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story.lead_photo.caption Lindsay Beattie works on her computer as her new dog, Moose, hangs by her side at home in Fort Lauderdale. There's been a rush on new pets during the pandemic with pet owners having more time to take care of an animal, but now that many have to return to the office, there's lots of anxiety about leaving the pets home alone. (Susan Stocker/South Florida Sun-Sentinel/TNS)

FORT LAUDERDALE, Fla. If you've been home with your pet during the pandemic, you know what's coming.

Separation anxiety.

We can't stay home forever. Soon we'll start heading back to the office and taking vacations. Our pets will wonder where we went. And we will get that pit in our stomach, like when we left our kids at school for the first time, because we have become so attached to our faithful animals.

Calls from uneasy dog owners are starting to come in to Dogstown University in Deerfield Beach, Florida, which has a dog day care center and offers overnight boarding. Owner Adam Feingold tries to cheer them up.

"We are getting lots of calls from people going back to work," Feingold said. "People want to be reassured that their dogs will not be alone. They have been attached at the hip for a year. We work it through with them."

Lindsay Beattie of Fort Lauderdale is among those getting ready to enter the post-COVID work world, but now she has two pets to consider. When the pandemic hit last year, she took in a foster puppy to keep her and her 12-year-old shih tzu mix, Doc, company.

She fell in love with Moose, a purebred shih tzu who is now 18 months old, and decided to keep him. Now comes the hard part. She's a sales manager for a multinational company who is about to start traveling again. To ease the transition, she's been making arrangements with dog-sitters who will stay at her house while she's gone.

"The older one is happy when I leave," Beattie said. "The younger one is like, 'How dare you?' That creates anxiety for me. He is so spoiled."

Lisa Laufman also went back to the office recently, and can't stop thinking about her kitten, Missy, adopted on Jan. 25.

"I put off going back to work as long as possible," said Laufman, a commercial insurance manager. "When I knew I had to go back, I would leave the house for a few hours at a time to get her ready. Now I go home at lunchtime to check on her. I don't even want to go out at night because I want to be with her."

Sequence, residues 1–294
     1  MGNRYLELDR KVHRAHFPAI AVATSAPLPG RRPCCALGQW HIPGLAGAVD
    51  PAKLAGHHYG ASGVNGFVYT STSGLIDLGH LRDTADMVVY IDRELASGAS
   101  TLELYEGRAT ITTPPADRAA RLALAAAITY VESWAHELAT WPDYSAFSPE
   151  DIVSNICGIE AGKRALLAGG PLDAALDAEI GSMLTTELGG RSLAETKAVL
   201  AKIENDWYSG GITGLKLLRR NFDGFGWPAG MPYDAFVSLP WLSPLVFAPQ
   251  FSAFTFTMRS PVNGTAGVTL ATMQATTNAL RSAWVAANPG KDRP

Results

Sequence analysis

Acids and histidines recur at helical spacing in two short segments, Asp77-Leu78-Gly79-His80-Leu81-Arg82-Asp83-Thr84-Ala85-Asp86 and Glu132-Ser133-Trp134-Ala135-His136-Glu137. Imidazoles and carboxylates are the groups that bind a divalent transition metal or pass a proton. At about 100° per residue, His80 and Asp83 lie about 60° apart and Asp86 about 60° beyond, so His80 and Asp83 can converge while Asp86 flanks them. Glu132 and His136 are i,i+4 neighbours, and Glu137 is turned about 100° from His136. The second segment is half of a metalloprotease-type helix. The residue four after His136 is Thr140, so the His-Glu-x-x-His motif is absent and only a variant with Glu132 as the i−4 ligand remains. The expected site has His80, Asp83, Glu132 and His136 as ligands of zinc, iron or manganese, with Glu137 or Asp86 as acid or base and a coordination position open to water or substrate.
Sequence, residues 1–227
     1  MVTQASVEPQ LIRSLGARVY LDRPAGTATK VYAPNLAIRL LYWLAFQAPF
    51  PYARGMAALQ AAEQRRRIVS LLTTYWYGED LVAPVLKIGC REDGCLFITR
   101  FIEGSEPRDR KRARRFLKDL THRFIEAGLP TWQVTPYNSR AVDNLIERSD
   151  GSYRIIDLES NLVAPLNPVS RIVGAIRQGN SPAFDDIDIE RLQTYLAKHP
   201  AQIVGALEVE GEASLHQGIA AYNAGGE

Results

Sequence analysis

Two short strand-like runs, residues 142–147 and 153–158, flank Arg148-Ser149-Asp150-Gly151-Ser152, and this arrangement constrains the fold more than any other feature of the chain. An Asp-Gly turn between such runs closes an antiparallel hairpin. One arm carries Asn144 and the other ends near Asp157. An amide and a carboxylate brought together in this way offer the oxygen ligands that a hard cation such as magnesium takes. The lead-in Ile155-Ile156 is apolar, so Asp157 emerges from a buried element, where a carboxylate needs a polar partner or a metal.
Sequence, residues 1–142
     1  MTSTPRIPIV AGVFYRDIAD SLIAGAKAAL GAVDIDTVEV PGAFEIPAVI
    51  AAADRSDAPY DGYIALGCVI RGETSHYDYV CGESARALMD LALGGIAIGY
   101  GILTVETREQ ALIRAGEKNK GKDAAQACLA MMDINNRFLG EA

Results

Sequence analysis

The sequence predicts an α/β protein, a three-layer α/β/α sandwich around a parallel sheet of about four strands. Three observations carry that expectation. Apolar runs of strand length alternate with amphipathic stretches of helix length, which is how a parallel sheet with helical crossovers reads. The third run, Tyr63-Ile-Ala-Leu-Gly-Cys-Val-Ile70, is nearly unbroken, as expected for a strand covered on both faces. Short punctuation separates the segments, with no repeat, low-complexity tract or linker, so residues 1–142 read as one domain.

Some pet owners may have gotten overly attached during quarantine. But these human-animal connections are healthy, pandemic or no pandemic, said Karyn Hoffman, a Boca Raton social worker and therapist.

"As a dog lover, I understand this," Hoffman said. "Research shows animals have a calming effect on us. If your animal is your companion, you are going to miss them when you leave the house."

For those leaving their canines home while they go to work, Jeff Nelson of Palm Beach Dog Academy offers these transition tips:

Keep your dogs mentally stimulated when you're with them. Give them lots of attention. Take them out in public. Teach them to sit and stay.

Make sure they get at least several good walks or playtime in the yard each day. Nelson says take them out first thing in the morning, feed them, then walk them before work. When you come home, take them on a 10-minute walk that includes training to obey commands, have some dinner and take them out again.

"The more short walks, the better," he said.

Leave the television or radio on when you're gone so the dogs are comforted by human voices and hear less outside noise.

Keep an interior camera on in the house so you can watch what your pets are doing. There are even cameras now that allow "two-way conversations" and will throw your dog a treat.

Don't leave them for more than eight hours. If you'll be out longer, hire someone to give the dog a mid-day walk.

Many pet owners who are heading back to work are heeding these suggestions. Kim Serota, a reading coach for Broward schools, went back to the office in October after getting a Bernedoodle puppy, Murphy, four months earlier.

"Our puppy was accustomed to having us 24-7," Serota said. "We weren't going places. No one was coming over."

When she went back to work and her kids back to school, Serota hired a dog walker, who walked Murphy and stayed with him for an hour. Now, the walker stays with him for a half hour, and in the coming months, Serota believes Murphy will no longer need the mid-day exercise.

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